Hot answers tagged

8

I think $-\infty $ make sense. Indeed, let $P$ a polynomial of degree $\geq 1$. Then, you have that $$\deg(PQ)=\deg(P)+\deg(Q),$$ for every polynomial $Q$. Now, if you define $\dim(0)=0$, you'll get $$\deg(0\cdot P)=0+\deg(P)>0,$$ which is not compatible with the degree formula. The only way to give a sense to this formula is to define $\deg(0)=-\infty $. ...


8

Well, it depends. Mathematical practice shows that sometimes it is useful to define the degree of the zero polynomial to be zero, sometimes to define it to be $-\infty$ and sometimes to leave is undefined. Which option one chooses depends on what one is trying to do. This is quite different with what happens with the degree of all other polynomials, which ...


8

Hint: Between any two roots of $f$ there is a root of $f'$


6

One can check that $1$ and $-1$ are both roots of this polynomial. After factoring out $x-1$ and $x+1$, you're left with a quadratic polynomial. As a general rule, the rational root theorem is a good place to start for questions like these.


5

Defining it as $-\infty$ makes the most sense. As mentioned in Surb's answer and comments, some properties of degrees are kept intact this way, e.g. $\deg(PQ)=\deg P+\deg Q$ If $\deg P>\deg Q$ then $\deg(P+Q)=\deg P$ It also starts making more sense if you consider expressions that can take on negative powers as well. That is, instead of ...


5

There is no nice formula to get the roots of $P+Q$ from the roots of $P$ and of $Q$. For example, the roots of $x^5$ and $2x+1$ are easy to find, but the sum of these polynomials is $x^5 + 2 x + 1$, an irreducible quintic whose roots can't be expressed in radicals.


4

When you need to develop Taylor series around $x_0\neq 0$, it is generally simpler to make a change of variable $x=y+x_0$ and consider the development around $y=0$ using more standard formulae. In your case, for $f=\sqrt x$ around $x=1$, this gives $f=\sqrt{1+y}$ around $y=0$. Using Taylor series or the generalized binomial theorem, this will give ...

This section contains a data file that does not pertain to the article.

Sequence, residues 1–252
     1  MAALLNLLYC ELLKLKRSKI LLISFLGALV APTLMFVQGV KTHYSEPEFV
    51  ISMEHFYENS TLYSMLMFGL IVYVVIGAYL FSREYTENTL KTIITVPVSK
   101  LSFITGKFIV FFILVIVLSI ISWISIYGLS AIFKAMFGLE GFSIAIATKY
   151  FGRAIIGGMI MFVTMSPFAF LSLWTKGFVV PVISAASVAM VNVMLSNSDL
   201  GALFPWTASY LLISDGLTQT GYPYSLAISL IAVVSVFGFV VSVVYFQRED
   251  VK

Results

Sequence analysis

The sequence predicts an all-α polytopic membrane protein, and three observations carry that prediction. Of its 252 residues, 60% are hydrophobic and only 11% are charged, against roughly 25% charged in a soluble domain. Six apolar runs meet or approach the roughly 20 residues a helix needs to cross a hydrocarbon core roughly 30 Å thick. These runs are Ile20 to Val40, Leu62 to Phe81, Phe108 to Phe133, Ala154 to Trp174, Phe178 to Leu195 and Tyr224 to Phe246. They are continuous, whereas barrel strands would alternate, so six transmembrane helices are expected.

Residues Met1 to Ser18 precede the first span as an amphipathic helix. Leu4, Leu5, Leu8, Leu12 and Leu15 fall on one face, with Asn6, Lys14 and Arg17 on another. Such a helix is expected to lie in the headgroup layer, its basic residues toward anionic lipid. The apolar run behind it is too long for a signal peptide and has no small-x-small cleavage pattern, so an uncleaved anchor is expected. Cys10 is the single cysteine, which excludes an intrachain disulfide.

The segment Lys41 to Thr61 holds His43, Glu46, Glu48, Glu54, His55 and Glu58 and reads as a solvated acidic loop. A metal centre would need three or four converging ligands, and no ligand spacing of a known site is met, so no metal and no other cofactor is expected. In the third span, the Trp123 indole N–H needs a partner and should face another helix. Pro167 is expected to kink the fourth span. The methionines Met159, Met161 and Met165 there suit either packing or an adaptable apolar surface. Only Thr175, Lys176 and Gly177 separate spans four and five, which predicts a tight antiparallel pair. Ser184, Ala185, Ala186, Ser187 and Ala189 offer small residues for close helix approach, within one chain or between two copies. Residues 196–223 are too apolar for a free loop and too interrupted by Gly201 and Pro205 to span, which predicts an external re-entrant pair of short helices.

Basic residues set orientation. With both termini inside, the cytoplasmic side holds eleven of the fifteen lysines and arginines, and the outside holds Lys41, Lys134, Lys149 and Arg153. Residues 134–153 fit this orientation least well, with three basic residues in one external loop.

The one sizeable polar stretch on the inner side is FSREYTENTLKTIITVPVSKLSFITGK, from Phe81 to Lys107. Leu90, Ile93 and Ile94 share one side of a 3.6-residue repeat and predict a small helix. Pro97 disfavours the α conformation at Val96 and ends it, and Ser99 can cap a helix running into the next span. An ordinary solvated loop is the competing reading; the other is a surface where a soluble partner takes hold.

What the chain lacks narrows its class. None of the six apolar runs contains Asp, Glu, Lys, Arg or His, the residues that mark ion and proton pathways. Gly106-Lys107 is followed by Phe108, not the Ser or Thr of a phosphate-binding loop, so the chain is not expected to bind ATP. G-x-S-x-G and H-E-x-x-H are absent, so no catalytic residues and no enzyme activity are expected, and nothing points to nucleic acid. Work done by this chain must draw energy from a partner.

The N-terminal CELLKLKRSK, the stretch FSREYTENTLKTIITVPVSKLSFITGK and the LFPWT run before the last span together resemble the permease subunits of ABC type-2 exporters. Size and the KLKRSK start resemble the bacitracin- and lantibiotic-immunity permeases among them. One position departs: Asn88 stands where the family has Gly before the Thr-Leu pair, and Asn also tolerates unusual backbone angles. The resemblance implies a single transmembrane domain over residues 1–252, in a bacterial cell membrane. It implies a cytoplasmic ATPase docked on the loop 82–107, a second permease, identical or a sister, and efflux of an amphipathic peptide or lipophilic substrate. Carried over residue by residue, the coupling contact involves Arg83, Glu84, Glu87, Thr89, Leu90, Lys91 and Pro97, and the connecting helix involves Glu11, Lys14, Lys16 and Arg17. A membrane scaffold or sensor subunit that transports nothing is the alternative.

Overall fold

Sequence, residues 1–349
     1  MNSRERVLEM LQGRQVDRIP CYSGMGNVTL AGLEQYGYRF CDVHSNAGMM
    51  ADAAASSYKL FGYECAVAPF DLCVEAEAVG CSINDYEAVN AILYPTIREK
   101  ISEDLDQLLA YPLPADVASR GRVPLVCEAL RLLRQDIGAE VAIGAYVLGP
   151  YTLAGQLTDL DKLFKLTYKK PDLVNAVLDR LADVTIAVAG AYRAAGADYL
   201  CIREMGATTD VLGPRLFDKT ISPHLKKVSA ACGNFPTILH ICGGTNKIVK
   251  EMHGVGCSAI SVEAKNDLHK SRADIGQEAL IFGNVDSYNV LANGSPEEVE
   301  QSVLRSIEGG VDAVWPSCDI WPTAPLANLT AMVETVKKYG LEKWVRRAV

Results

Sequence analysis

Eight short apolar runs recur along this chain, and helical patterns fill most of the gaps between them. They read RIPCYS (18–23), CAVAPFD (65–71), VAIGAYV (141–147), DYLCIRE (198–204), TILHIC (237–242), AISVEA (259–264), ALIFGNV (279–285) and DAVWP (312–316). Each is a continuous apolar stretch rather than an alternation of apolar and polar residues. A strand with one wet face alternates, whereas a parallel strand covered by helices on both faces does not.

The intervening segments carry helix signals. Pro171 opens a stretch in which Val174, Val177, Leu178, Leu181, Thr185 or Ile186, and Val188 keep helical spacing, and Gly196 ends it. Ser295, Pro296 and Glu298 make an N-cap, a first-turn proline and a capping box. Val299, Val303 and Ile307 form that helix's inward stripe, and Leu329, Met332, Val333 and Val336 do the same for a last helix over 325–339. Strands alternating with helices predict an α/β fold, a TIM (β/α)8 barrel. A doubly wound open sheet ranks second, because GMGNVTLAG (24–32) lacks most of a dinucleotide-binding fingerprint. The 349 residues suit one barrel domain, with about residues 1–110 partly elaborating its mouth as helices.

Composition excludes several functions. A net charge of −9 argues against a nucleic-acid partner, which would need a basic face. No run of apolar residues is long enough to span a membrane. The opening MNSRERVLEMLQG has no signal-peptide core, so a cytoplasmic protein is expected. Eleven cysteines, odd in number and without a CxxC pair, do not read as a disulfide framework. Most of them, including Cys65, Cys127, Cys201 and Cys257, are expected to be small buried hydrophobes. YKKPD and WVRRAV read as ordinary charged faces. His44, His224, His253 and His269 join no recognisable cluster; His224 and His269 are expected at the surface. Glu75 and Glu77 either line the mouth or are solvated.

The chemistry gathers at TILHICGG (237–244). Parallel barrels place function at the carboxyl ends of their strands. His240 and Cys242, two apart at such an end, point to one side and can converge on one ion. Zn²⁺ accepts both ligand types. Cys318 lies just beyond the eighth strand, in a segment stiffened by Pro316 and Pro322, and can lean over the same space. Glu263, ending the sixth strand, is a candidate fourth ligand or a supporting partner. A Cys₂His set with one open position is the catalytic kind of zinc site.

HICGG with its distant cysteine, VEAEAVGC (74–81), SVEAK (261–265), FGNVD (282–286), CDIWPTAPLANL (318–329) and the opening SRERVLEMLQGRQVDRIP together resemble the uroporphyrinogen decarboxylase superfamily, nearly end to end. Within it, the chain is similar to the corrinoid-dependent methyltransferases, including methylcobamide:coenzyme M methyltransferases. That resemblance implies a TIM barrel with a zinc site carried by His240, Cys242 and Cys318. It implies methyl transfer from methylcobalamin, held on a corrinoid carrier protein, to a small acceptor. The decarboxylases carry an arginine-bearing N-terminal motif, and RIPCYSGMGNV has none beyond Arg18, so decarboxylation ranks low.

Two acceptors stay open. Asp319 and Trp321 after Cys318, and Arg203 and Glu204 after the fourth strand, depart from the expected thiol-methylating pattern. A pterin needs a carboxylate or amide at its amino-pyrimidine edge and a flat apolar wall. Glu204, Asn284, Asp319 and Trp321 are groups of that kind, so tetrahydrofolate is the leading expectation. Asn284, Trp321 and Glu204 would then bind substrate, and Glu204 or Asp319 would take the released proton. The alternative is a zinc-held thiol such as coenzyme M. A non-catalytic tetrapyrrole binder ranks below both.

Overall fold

4

Let $P_k(x)=P(P(...(x))$ with $k$ iterations of $P$. Suppose (for contradiction) that $P(x)$ has a non-positive root $s$ and let $r$ be a positive root of $P(x)$ so that $P(x)=(x-r)(x-s)f(x)$. Then $P_2(x)= (P(x)-r)(P(x)-s)g(x)$. Note that $P(x)$ must have arbitarily large negative values or arbit. large positive values to the left of $s$; thus $P(x)=r$ or ...


4

Here is a way. Suppose that we want to visualize the roots of the cubic equation $$ z^3+z+1=0 $$ Write $z=x+iy$ and expand: \begin{align} (x+iy)^3+(x+iy)+1&=0\\ x^3+3ix^2y-3xy^2-iy^3+x+iy+1&=0\\ \end{align} Taking real and imaginary parts, we get \begin{align} x^3-3xy^2+x+1&=0\\ 3x^2y-y^3+y&=0 \end{align} Plotting the solution sets of ...


4

We assume that $deg P(x) \geq 2$ and that $a_n \neq 0$. Since $P(1) = P(2) = 0$, we have $a_n2^n + a_{n - 1}2^{n-1} + .. + a_12 + a_0 = 0$ and $a_n + a_{n - 1} + .. + a_1 + a_0 = 0$. Together, we have $(a_{n - 1} + .. + a_1 + a_0)2^n = a_{n - 1}2^{n - 1} + .. + a_12 + a_0$. If we assume that $a_k \geq -1$ for $k \leq n - 1$, then $a_{n - 1}2^{n - 1} + .. + ...


3

Hint: $$f'(x)=101x^{100}-100^2x^{99}=x^{99}\left(101x-100^2\right)$$ has two solutions. $x_{\max}=0, x_{\min}=\frac{100^2}{101}$ Then $$x_1<x_{\max}=0<x_2<x_{\min}<x_3$$ Then $x_2,x_2>0$


3

I think you might be mixing up which parts to evaluate. Namely, you want to evaluate the coefficients at $x_0=1$, but to get a polynomial (i.e. a function), you don't want to evaluate the expression $(x-x_0)=(x-1)$. I.e. what the answer is: $$P_2(x)=f(x_0)+\displaystyle\frac{f^{(1)}(x_0)}{1!} (x-x_0)^1 + \displaystyle\frac{f^{(2)}(x_0)}{2!}(x-x_0)^2 \\ = ...


3

Single Variable Taylor Polynomial Formula: $$P_{n}(x)=\sum_{n=0}^{n}\frac{f^{n}(c)}{n!}(x-c)^n$$ Given: $$f(x)= \sqrt x , c=1$$ $$f(1)=1$$ Derivatives: $$f'(x)=\frac{1}{2\sqrt x} , f'(1)=\frac{1}{2}$$ $$f''(x)=\frac{-1}{4x^\frac{3}{2}} , f''(1)=\frac{-1}{4}$$ Second Degree Taylor Polynomial: $$P_{2}(x)=1+\frac{1}{2}(x-1)-\frac{1}{8}(x-1)^2$$


3

A polynomial is separable (has distinct roots) if it shares no zeroes with its formal derivative. If $ P(X) - w $ is a polynomial of degree $ n $ for $ w $ a constant, then its formal derivative $P'(X) $ is a polynomial of degree at most $ n-1 $ and does not depend on $ w $. Let the distinct zeroes of the formal derivative be $ z_1, z_2, \ldots, z_r $ where ...


3

Suppose there are repeated roots. Then $f$ and $f'$ would have at least one common root ($f'$ is the formal derivative). Because $f' = nx^{n-1}$ and $p$ does not divide $n$ the only root of $f'$ is $0$. But $0$ is not a root for $f$ because $p$ does not divide $a$


2